One of the most fascinating aspects of the workshop for me was seeing so many of the same theoretical concepts that I had learned at Industrial Areas Foundation’s national training in 2008, but with different methodological tools. For example, IAF’s basic organizing tool is the relational meeting, sitting down with someone one-on-one and probing them about their hopes, fears, and dreams, in order to identify their self-interest. At Cantera’s workshop, we learned about the importance of self-interest and of tapping into people’s dreams, but instead of starting with a relational meeting, Cantera gave us la muñeca, or the doll, as our initial organizing tool. You being by drawing the figure of a doll on butcher paper. Placing the community’s dream at the head of the doll, the committee writes down their resources and places those at the right arm of the doll. Next they place challenges at the left arm of the doll, and their personal commitments at the heart of the doll. Finally, the group makes a list of the initial steps that need to be taken to make the dream come true and places those at the doll’s feet. This tool is very effective in terms of visually laying out where the community stands in relation to their dream. Seeing these methodological differences caused me to reflect on how context determines effective organizing strategies. In the U.S. organizing context, we are looking for a way to take a much more individualistic culture and make it about community, whereas here, the assumption is that there is already an organized structure in place in the community, and that an outsider (such as an NGO) must learn to work within that structure.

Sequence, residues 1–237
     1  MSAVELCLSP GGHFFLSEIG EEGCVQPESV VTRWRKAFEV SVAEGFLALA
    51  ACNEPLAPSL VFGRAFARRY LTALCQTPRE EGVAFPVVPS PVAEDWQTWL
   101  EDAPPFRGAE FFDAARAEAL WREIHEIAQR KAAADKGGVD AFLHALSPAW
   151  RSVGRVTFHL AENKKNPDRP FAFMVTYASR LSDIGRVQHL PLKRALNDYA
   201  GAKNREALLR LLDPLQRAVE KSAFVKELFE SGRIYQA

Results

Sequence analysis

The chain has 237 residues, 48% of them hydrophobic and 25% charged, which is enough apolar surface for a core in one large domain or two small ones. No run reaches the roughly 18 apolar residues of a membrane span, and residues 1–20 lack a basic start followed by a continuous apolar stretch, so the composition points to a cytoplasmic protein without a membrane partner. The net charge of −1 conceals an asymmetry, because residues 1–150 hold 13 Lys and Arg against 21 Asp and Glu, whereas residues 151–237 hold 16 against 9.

Tuesday, May 18, 2010

gatito documentary

Good Friday morning. It was hot, and I was still in bed groggily trying to decide if I would be able to sleep a little longer in spite of the heat and take advantage of my vacation while it lasted. The Center was closed during Holy Week except for evening choir rehearsals. As wonderful as it is to listen to all the CCBN’s activities, it sure was nice to sleep in past 8am without being woken up by trombone lessons or recorder class. However, instead of the normal musical din I soon began to hear different kinds of sounds coming from outside, just below my window. It sounded like a kitten. I remembered that the volunteers who lived in the house before us had gained a reputation for taking care of unwanted strays. Groaning inwardly, I rolled over and decided that if it was still there when I woke up again I would figure out what to do with it.